The comics business has seen a lot of mutation over the last ten years. Lots of successful movies based on comics, manga and graphic novels "mainstreaming" the medium with a lot of audiences who ten years ago weren't even aware of its contemporaneous existence, prominent comics/graphic novels placement in libraries, reviews in "legitimate" magazines and journals, college courses, using comics as literacy tools and art projects in schools, and not entirely negative referencing on hip TV shows, etc. All adding up to:
The comic book is no longer the pariah of pop culture.
Oh, sure, most people when they hear the phrase "comic book" will immediately think of gaudy costumes and flying people, but "graphic novel" provokes a different (usually much more idiosyncratic) response, and a certain level of respect. While there will always be those who will take the phrase "I read comic book" to indicate severe retardation, the same way the phrase "I like Leonard Cohen" will make some think whoever utters it is a morose, sappy girly-girl. (Go ahead; tell me that wasn't exactly what just went through your head, if it wasn't "Who the hell is Leonard Cohen?")
But most people don't anymore. They may not read them, and they may have no love at all for the content (in the word's proper meaning) of most comics, but the medium is now generally understood in American culture to be just like any other medium: whatever who's molding it wants to make of it. The content may still be viewed askance, but the medium has gained about as much respect as it really needs. It's now the equivalent to poetry; most people hate poetry but they acknowledge the theoretical value of its existence. (When they're regularly exposed to poetry, albeit usually bad poetry, via pop songs, it rarely registers as poetry.) Should comics ever really start making money again, that general respect will increase exponentially.
Someone mentioned to me after seeing San Diego that it's obvious the film business is now running the comics business. One of my points last week is that it's quite the opposite.
It's true that Hollywood has generally disrespected comics material, but when did Hollywood ever really respect any material? Respect isn't the issue, interest is. A few years ago, comics were a novelty in Hollywood. Now they're a mainstay. Not superheroes, comics. Superhero films have been very successful recently, but superheroes are generally considered now to be a Marvel/DC thing, even on the scale of the general public. Other superhero films have been far from successful. (It doesn't help that most are lame comedies that don't take their own concepts seriously long enough to make them convincing.) But "comic book films" not based on superheroes have also steadily been successful, and SIN CITY and especially 300, which may ultimately turn out to be the most influential film ever on the relationship between comics and Hollywood, proved that not only can comics provide great source material but that material drawn unadulterated diretly from comics can produce successful films.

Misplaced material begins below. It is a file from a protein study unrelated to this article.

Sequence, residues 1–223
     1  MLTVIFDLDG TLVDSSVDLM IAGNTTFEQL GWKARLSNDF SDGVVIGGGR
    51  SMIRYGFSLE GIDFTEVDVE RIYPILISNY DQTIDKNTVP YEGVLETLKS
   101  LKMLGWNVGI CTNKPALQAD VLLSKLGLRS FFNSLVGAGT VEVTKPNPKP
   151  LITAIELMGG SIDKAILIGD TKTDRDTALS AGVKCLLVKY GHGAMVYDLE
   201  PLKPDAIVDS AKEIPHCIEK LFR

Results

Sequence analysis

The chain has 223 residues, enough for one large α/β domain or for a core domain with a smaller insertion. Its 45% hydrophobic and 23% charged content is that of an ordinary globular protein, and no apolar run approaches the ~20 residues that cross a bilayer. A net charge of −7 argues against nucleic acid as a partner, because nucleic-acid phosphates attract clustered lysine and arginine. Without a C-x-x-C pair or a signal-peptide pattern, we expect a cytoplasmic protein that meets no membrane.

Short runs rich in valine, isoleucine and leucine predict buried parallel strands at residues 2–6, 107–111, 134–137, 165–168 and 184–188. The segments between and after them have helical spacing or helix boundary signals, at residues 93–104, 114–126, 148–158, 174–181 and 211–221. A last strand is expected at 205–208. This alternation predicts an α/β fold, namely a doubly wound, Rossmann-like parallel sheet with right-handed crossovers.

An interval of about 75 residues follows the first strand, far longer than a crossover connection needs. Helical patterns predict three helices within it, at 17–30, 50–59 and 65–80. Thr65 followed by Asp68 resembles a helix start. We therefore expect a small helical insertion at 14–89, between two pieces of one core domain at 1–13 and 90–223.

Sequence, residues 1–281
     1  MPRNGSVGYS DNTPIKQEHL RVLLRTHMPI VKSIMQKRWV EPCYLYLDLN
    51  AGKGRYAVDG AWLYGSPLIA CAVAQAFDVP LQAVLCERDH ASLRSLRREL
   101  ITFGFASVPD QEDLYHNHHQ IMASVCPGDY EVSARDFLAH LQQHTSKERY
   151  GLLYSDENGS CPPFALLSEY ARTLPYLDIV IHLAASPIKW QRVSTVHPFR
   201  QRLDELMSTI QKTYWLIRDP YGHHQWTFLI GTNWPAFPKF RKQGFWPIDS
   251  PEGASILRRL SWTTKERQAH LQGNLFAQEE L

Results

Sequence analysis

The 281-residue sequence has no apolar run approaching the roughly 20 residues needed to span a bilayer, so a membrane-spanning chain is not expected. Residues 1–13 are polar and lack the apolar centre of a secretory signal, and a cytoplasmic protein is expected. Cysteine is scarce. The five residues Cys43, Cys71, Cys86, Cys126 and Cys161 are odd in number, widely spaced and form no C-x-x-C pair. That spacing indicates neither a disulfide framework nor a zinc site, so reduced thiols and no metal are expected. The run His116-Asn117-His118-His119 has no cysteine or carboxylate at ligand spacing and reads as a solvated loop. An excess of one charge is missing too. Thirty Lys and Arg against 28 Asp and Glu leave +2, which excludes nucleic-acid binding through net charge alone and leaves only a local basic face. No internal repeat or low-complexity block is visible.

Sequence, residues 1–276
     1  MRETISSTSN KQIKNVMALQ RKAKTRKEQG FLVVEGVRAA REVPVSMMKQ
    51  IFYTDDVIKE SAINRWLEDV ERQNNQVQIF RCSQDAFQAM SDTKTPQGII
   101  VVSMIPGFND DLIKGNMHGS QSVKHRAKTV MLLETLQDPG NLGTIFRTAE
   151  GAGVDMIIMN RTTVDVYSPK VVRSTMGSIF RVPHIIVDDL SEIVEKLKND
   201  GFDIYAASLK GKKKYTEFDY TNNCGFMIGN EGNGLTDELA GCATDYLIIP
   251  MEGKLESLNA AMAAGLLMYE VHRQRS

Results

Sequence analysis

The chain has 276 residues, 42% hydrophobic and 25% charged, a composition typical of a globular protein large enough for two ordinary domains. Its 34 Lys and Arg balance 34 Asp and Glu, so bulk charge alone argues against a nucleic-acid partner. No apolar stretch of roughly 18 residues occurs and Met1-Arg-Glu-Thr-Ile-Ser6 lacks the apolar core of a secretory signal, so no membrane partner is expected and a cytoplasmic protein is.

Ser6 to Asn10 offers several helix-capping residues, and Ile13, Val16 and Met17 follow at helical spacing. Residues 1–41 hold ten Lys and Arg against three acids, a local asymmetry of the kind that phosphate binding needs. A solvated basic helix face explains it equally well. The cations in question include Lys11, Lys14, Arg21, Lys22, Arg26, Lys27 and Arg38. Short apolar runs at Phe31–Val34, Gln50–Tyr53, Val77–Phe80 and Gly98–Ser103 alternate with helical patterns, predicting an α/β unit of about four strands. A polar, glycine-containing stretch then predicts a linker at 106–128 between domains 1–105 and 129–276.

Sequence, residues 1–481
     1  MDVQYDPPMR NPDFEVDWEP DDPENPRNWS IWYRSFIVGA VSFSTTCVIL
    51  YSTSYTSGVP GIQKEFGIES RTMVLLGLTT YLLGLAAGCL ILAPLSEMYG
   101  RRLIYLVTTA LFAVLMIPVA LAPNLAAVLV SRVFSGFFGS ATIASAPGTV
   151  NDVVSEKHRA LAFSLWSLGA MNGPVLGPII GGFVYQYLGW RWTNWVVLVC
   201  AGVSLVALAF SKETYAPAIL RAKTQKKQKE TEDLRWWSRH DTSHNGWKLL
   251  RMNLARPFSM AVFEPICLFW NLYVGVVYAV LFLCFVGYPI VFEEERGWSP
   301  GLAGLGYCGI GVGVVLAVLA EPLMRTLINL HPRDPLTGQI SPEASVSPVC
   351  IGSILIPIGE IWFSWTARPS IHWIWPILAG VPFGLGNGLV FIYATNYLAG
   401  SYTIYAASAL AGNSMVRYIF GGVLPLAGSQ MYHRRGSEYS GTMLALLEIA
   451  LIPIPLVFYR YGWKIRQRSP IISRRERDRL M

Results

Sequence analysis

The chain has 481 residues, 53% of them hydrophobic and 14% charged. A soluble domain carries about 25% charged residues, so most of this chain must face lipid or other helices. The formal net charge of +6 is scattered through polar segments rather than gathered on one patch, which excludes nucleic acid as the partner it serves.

It's a lesson that hasn't been entirely lost on Hollywood.
(On the other hand, it doesn't follow that any comic will make a successful film. A publisher I was talking to in San Diego brought up the Green Hornet - now apparently planned as a comedy starring Seth Rogan and Stephen Chow - and asked how I thought a Green Hornet film would do. The Green Hornet's heyday was on radio but the character, otherwise known for a short-lived, failed '60s TV show, has been kept alive the past 30 years mainly in various short-lived, failed comics versions so he's considered a comics character now. I spent the rest of the weekend canvassing various pros on the subject, and the overwhelming consensus, on both THE GREEN HORNET and the forthcoming SPIRIT film, is that while it's always possible they will have great scripts and execution to put them over, in general there's no wellspring of public demand for either, and the characters aren't generally well known enough to pass for iconic, while their trademark visualizations trap them into a "superhero" image where things like 30 DAYS OF NIGHT don't and can become their own iconography. "Superheroes" on film that don't derive from Marvel or DC - both now trademarks known to the general public - will have a difficult uphill climb in popular perception. Strangely, something like HEROES is partly successful on TV because neither Marvel nor DC are perceived to have conquered that medium, so HEROES can scratch that particular itch without seeming redundant.)